The exemption only applies to the supply of cultural services by the cultural body. The supply of services, other than cultural services, by a cultural body does not come within the scope of the exemption.

Applications for exemption by a cultural body are considered by Revenue on a case-by-case basis.

9. Registration for VAT

Persons supplying taxable services must register for VAT if their turnover from those services exceeds an annual threshold of €37,500. Such persons are not obliged to register for VAT if their turnover is below that threshold but may do so if they wish. Full details on registration requirements and procedures are contained in the VAT Guide.

10. Input Credit

An accountable person may deduct the VAT charged on most goods and services which are used for the purposes of his or her taxable supplies in computing the amount of tax payable in respect of a taxable period. No deduction may be made for the VAT on goods and services used for any activity that is exempt from VAT. In the case of dual use inputs, goods and services that are not used solely for the purposes of either taxable supplies or activities or exempt supplies or activities, the VAT involved must be apportioned between the deductible supplies/activities and the non- deductible supplies/ activities. The apportionment method used must reflect the extent to which the dual use inputs are used for the purposes of the persons deductible supplies / activities and have due regard to the range of that persons total supplies and activities.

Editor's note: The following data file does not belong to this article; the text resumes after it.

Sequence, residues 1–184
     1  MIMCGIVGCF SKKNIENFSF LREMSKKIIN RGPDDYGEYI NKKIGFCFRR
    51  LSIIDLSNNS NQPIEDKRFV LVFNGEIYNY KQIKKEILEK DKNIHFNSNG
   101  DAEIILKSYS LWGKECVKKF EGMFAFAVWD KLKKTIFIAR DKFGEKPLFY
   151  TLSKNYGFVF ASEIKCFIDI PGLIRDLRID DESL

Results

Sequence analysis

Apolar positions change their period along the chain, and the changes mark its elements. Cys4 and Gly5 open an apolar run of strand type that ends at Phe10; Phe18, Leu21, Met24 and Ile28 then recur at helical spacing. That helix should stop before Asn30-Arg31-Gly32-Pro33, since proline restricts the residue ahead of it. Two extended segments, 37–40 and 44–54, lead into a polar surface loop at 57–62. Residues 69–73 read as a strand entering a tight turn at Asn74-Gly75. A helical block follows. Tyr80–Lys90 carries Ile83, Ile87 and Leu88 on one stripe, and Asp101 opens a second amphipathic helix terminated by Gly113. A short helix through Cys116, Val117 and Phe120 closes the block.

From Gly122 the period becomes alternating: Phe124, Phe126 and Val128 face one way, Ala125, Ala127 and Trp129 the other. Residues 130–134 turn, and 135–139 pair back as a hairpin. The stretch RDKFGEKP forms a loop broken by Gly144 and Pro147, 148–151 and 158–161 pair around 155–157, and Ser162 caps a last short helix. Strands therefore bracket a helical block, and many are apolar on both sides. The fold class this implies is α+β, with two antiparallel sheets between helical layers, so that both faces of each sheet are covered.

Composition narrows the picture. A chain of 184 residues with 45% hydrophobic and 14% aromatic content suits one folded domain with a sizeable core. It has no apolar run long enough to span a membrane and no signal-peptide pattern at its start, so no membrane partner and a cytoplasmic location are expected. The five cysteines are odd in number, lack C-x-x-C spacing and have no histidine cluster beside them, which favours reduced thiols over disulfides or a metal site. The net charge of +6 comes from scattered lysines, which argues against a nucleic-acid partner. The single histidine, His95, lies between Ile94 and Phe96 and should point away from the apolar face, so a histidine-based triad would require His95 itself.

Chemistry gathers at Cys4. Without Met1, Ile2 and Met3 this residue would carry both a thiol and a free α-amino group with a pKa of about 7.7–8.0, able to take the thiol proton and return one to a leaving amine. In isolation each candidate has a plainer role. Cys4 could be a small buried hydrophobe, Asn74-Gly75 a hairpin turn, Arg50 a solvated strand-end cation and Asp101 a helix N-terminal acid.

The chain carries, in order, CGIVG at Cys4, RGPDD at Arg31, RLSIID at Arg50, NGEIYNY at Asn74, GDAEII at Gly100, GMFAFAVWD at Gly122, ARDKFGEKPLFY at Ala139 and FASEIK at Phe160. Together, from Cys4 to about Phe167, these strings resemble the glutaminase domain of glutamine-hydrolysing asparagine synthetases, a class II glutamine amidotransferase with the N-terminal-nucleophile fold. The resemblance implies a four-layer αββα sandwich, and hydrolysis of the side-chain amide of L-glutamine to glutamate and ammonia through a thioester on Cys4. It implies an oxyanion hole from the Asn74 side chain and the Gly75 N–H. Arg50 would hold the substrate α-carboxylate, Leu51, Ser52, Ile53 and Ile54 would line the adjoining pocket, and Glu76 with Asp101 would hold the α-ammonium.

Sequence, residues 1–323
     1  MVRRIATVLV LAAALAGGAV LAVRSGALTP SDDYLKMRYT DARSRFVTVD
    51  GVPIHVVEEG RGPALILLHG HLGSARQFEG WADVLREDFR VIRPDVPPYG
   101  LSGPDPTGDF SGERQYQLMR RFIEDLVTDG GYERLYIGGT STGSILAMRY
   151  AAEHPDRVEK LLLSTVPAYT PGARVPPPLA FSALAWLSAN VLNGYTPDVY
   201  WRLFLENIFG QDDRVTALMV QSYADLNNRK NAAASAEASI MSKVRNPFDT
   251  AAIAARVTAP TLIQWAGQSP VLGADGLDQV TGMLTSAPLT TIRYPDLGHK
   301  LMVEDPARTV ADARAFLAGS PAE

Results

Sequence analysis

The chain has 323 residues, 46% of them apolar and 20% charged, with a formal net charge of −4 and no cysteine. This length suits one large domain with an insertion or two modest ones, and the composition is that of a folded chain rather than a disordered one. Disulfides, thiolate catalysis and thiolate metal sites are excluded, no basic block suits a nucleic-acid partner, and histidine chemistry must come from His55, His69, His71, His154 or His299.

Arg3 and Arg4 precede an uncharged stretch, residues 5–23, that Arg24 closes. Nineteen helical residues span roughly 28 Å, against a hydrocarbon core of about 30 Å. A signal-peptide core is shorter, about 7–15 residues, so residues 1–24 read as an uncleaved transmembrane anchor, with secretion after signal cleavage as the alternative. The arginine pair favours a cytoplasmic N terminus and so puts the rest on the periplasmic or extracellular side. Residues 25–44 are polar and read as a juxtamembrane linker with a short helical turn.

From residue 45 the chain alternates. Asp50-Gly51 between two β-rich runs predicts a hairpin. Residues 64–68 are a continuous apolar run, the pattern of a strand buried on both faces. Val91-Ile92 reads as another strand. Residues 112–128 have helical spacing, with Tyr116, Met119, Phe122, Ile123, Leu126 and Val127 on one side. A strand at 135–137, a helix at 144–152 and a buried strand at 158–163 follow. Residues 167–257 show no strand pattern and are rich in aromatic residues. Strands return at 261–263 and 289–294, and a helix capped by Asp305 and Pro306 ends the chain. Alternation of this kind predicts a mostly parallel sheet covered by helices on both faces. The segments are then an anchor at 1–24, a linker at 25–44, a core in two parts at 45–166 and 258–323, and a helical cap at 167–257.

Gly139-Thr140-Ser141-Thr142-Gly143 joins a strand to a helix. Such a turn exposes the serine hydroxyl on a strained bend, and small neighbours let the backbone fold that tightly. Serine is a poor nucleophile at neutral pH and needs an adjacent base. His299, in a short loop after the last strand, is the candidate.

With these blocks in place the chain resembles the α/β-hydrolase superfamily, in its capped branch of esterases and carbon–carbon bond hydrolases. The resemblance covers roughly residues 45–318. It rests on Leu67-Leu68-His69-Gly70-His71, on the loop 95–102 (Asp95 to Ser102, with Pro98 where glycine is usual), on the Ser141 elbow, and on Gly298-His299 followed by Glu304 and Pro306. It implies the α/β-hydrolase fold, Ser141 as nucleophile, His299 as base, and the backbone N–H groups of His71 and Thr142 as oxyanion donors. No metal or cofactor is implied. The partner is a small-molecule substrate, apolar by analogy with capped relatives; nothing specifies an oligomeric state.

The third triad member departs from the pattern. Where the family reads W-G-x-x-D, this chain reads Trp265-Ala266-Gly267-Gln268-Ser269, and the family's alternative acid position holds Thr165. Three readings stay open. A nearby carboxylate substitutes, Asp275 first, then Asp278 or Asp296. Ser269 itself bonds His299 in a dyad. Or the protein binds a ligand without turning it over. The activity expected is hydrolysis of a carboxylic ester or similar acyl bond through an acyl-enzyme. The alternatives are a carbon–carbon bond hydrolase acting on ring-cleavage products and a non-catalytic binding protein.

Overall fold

As referred to in “Effective Date of Application of Change”, entrance fees to historic Houses and the provision of other services referred to in “Other Services” will not be liable to VAT until after 1 January 2012. Consequently input credit for VAT incurred on goods and services that relates to the entrance fees and other services will not be deductible for periods prior to that date.

11. Records

A VAT registered person must keep records of all business transactions, which affect or may affect his or her liability to VAT and entitlement to deductibility. The records must be kept up to date and must be sufficiently detailed to enable the person to accurately calculate liability or repayment for each taxable period and also to enable Revenue to verify the accuracy of the records, if necessary.

12. Further Information

Further information on this leaflet can be obtained from the local Revenue District dealing with the tax affairs of the trader. Details of addresses for the offices are on the Contact Details Page

The information in this leaflet which sets out the current practice at the date of its issue is intended for guidance only and does not purport to be a definitive legal interpretation of the provisions of the Value Added Tax Consolidation Act 2010 (as amended).

Revenue Commissioners

VAT Interpretation Branch

Dublin Castle

August 2011